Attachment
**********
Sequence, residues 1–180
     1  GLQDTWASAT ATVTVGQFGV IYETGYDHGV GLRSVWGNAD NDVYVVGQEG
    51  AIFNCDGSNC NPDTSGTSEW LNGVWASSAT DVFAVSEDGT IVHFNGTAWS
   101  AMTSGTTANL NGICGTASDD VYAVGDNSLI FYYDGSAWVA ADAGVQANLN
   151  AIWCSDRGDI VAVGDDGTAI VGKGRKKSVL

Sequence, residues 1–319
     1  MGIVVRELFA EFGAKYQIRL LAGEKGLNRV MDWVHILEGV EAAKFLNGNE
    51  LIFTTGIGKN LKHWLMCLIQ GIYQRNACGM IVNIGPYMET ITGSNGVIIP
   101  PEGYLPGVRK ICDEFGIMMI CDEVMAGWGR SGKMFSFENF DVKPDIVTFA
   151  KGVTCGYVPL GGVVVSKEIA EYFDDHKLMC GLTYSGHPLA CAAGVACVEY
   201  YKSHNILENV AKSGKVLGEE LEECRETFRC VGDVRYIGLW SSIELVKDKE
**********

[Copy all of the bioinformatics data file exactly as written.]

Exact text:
Sequence, residues 1–180
     1  GLQDTWASAT ATVTVGQFGV IYETGYDHGV GLRSVWGNAD NDVYVVGQEG
    51  AIFNCDGSNC NPDTSGTSEW LNGVWASSAT DVFAVSEDGT IVHFNGTAWS
   101  AMTSGTTANL NGICGTASDD VYAVGDNSLI FYYDGSAWVA ADAGVQANLN
   151  AIWCSDRGDI VAVGDDGTAI VGKGRKKSVL

Sequence, residues 1–319
     1  MGIVVRELFA EFGAKYQIRL LAGEKGLNRV MDWVHILEGV EAAKFLNGNE
    51  LIFTTGIGKN LKHWLMCLIQ GIYQRNACGM IVNIGPYMET ITGSNGVIIP
   101  PEGYLPGVRK ICDEFGIMMI CDEVMAGWGR SGKMFSFENF DVKPDIVTFA
   151  KGVTCGYVPL GGVVVSKEIA EYFDDHKLMC GLTYSGHPLA CAAGVACVEY
   201  YKSHNILENV AKSGKVLGEE LEECRETFRC VGDVRYIGLW SSIELVKDKE